Long regarded as a prominent and powerful symbol of the national defense industry, Norman R. Augustine said yesterday that he will retire as chief executive officer of Lockheed Martin Corp. to teach, travel and pursue hobbies.
Augustine, 61, engineered the 1995 merger of Martin Marietta Corp. and Lockheed Corp., which created the biggest defense company in the world, and in the process pioneered the reconfiguration of an industry through gigantic mergers and acquisitions.
"There's a time to get out of the way, and this is my time," he said yesterday in an interview.
Augustine will step down Aug. 31, but will remain chairman of the board. The company has named President and Chief Operating Officer Vance D. Coffman to replace Augustine as CEO. Peter B. Teets, currently president and COO of the company's Information and Services Sector, will succeed Coffman as corporate COO.
Coffman, 53, is known as a top-notch daily manager, but experts say he is too low-key to step into the same limelight as the gregarious, headline-making Augustine.
"The guy is a legend," Paine-Webber analyst John Modzelewski said of Augustine. "Out of all the consolidations and events happening in the defense industry over the past 20-some years, Norm Augustine clearly has created the dominant defense company in the world. That'll make it to the history books."
Augustine, who became CEO of the old Martin Marietta in 1987, said he had been talking with the board about plans for retirement since before the 1995 merger with Lockheed. "This is probably just an opportune time," he said, pointing out that he will turn 62 in July. "The company, I think, can move ahead without a slip."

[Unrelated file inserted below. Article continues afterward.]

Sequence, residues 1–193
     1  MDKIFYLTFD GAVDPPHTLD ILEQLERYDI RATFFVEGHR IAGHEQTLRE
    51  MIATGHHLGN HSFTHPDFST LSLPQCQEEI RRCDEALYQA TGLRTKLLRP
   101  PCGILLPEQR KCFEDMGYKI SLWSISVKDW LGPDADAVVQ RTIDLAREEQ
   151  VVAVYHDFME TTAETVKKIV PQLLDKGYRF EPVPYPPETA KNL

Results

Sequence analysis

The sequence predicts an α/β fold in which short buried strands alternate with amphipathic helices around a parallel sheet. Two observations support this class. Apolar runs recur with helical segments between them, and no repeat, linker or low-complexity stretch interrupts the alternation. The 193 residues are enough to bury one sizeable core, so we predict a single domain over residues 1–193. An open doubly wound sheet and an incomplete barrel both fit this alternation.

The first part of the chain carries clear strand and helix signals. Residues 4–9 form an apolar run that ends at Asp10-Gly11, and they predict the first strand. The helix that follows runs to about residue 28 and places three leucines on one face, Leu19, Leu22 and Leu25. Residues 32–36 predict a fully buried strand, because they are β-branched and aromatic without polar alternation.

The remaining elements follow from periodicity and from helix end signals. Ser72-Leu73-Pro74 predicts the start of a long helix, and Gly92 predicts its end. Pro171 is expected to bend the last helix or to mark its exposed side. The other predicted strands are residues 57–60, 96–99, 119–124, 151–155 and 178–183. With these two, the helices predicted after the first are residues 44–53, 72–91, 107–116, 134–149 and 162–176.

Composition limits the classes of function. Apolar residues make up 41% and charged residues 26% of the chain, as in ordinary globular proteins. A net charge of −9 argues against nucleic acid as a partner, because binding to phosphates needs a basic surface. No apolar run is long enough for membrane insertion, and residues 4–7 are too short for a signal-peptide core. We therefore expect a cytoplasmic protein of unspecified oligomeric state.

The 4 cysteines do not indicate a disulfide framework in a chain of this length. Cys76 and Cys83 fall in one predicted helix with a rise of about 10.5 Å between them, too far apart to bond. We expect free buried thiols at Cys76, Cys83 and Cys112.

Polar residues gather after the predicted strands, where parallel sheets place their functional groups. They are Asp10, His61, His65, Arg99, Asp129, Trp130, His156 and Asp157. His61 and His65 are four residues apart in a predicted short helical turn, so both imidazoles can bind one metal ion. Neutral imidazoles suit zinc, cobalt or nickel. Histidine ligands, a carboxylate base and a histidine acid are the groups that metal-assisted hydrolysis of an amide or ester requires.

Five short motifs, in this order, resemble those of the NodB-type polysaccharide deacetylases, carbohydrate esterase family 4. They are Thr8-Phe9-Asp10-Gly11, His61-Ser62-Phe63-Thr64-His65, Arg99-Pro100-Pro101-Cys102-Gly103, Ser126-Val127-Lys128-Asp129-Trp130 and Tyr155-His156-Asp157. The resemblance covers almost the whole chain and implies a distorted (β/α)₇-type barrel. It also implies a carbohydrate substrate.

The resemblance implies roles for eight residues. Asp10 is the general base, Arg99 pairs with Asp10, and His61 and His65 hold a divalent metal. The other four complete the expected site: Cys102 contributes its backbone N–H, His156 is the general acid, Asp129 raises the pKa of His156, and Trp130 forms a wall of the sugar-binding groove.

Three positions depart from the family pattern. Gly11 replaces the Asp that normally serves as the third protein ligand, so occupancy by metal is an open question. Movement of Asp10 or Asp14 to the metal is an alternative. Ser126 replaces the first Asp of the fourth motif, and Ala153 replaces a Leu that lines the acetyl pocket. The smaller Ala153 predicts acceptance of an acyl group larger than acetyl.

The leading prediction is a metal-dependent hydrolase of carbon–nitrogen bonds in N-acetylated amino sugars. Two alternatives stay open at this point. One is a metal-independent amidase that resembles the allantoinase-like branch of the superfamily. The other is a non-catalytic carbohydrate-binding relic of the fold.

Courted by the past three presidents as a possible secretary of defense, Augustine shunned the position in favor of working through more discreet channels. He helped Congress set guidelines for international arms sales and led the successful charge to get the government to reimburse defense companies for certain merger expenses.
His success led to prominence beyond the world of defense. Newsweek magazine said last year that Augustine was "widely praised for his brilliance and integrity." In 1992, Vice President Dan Quayle picked Augustine to head the White House Commission on the Future of the U.S. Space Program. President George Bush appointed him to chair the American Red Cross, a position he still holds.
Now he plans to all but walk away from the industry where he made his reputation.
While maintaining his residence in Maryland, Augustine will commute to a "one-third-time" job as a professor at his alma mater, Princeton University. He said he has assembled an unusual course blending liberal arts and engineering disciplines.
He also said he wants to pursue a number of hobbies -- backpacking, photography, oil painting, tennis and building "very exotic" dollhouses. "I'm getting started on one of the White House that will take years to finish," he said.
Once an undersecretary of the Army, Augustine said he has no interest in re-entering public life, either elected or appointed.